At one point, Elaine and Jerry go to the Hamptons to meet Carol (and see her newborn), who is apparently horrifying to look at. Both of them find the ordeal agonizing, and quickly escape the baby’s room to discuss how it was “the ugliest baby” ever.
At this point, Jerry says that the appearance of the child might have something to do with parental genetics gone awry. As hilarious as this mixed metaphor is, it’s not really fair to say such a thing about a baby.
3 “That Is One Magic Loogie.”
Kramer and Newman despise Keith Hernandez, the baseball player, for allegedly spitting on them after they harshly criticize his performance, but Jerry fully doubts the veracity of this storyline.
He says that “the immutable laws of physics contradict” the story, going so far as to describe the literal impossibility of such an event taking place given the angles of contact involved. He calls it “one magic loogie” in the most condescending tone he can muster, which, in this case, is fully deserved (and spectacularly funny.)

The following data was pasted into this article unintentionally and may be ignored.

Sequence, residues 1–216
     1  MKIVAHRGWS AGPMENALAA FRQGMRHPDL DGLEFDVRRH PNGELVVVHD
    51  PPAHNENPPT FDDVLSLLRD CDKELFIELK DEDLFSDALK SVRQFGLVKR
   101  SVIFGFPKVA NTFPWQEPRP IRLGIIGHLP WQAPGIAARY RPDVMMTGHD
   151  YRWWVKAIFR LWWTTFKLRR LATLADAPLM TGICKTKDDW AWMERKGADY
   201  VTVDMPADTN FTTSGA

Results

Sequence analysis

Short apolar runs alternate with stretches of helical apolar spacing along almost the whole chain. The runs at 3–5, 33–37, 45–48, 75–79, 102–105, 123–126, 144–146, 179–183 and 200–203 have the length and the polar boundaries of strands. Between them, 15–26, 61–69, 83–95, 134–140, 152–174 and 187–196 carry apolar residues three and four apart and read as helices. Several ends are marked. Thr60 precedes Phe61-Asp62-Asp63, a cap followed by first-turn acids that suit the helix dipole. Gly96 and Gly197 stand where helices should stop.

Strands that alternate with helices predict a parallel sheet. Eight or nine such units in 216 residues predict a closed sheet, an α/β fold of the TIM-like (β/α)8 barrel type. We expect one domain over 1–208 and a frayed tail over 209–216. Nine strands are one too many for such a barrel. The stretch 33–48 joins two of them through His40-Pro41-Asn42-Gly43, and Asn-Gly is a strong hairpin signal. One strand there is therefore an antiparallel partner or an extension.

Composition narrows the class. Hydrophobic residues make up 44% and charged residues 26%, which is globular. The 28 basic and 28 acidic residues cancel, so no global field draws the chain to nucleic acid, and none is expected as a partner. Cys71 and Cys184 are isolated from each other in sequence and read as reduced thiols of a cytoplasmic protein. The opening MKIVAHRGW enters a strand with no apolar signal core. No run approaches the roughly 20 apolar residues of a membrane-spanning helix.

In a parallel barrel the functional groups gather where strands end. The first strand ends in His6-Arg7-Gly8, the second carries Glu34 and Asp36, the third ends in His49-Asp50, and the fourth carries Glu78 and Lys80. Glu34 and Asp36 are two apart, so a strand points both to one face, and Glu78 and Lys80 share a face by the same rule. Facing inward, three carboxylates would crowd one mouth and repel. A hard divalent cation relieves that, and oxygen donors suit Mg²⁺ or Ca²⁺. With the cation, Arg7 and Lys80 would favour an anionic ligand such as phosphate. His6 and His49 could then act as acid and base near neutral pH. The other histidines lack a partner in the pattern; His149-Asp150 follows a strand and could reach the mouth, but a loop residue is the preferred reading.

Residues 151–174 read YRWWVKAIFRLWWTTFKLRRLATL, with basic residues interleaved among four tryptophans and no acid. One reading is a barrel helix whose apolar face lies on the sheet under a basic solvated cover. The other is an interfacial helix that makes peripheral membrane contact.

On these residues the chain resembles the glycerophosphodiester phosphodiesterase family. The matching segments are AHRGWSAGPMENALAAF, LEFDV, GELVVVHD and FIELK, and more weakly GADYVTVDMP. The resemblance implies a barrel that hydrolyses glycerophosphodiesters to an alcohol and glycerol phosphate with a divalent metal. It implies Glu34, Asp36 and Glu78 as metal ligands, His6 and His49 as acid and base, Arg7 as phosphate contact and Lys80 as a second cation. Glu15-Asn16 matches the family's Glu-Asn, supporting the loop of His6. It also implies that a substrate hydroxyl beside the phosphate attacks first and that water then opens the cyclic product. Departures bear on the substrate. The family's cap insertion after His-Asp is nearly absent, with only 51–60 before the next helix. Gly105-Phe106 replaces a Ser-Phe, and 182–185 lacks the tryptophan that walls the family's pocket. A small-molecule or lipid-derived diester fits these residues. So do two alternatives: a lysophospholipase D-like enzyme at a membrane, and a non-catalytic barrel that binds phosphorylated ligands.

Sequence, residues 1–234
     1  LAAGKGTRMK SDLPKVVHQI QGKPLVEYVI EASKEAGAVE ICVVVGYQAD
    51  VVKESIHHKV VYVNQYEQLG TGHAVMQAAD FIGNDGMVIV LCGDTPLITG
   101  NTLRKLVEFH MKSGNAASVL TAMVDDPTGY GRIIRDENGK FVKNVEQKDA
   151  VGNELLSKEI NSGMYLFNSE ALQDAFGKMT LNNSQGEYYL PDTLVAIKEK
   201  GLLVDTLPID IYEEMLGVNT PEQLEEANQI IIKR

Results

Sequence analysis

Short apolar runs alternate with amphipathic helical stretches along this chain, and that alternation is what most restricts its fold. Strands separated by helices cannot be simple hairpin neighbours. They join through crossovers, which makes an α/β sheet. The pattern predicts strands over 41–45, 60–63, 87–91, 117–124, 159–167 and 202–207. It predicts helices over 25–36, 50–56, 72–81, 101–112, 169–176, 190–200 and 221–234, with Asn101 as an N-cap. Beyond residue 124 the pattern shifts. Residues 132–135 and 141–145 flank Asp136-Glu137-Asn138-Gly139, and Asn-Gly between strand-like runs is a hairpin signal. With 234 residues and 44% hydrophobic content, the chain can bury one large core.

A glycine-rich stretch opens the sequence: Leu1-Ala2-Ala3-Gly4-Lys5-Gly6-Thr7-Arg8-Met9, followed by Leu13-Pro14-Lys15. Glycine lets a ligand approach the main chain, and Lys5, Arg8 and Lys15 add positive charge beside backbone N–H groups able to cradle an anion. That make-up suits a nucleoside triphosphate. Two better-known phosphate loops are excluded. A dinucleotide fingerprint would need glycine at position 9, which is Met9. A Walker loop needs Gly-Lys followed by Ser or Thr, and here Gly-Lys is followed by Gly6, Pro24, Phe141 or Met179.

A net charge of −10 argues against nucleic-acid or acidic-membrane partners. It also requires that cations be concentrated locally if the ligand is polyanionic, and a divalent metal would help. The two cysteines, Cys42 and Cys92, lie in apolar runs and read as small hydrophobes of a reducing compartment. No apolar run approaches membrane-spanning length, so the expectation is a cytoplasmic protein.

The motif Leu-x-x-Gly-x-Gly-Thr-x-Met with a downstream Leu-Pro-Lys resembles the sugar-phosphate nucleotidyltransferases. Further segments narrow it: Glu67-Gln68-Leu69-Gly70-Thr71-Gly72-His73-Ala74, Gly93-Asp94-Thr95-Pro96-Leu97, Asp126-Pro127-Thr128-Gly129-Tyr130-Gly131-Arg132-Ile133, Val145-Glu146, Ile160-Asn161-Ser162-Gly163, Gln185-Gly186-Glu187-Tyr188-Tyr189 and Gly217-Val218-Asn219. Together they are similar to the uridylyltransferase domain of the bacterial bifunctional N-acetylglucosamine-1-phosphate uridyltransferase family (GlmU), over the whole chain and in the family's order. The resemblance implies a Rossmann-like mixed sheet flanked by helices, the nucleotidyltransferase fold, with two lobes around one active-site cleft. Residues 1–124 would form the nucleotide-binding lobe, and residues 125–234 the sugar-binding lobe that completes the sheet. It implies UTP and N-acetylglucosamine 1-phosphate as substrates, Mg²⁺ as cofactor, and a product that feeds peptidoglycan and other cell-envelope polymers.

2 “Oh, I Guess You Don’t Want People Calling You At Home? Well, Now You Know How I Feel.”
Most people in the nineties were painfully experienced with the incessant and troublesome calls made by telemarketers making one random offer after another, and Jerry has had enough of it. When one of them phones him and asks if he would “be interested in switching over to TMI long distance service”, he pseudo-genuinely tells them to give him their “home number” to continue the conversation another time.
The telemarketer declines to do so because they “don’t want people calling [them] at home.” Here, Jerry proudly announces that they “know how I feel”, and sassily cuts the call.
1 “Hello, Newman.”
Although it may not technically be a burn if used by any other person in existence, these two words coming out of Jerry’s mouth are filled with the brimming hatred and disgust he has for his neighbor, Newman.
The way he enunciates the line is the most important facet of this insult, as he slows down on the first word but rapidly recites the two syllables of the second in quick succession. In addition, Jerry sometimes curls his upper lip, exposing his teeth, a visual indication of how Newman’s existence makes him feel.
NEXT: Seinfeld: 5 Ways It’s Similar To Friends (& 5 Ways It’s Totally Different)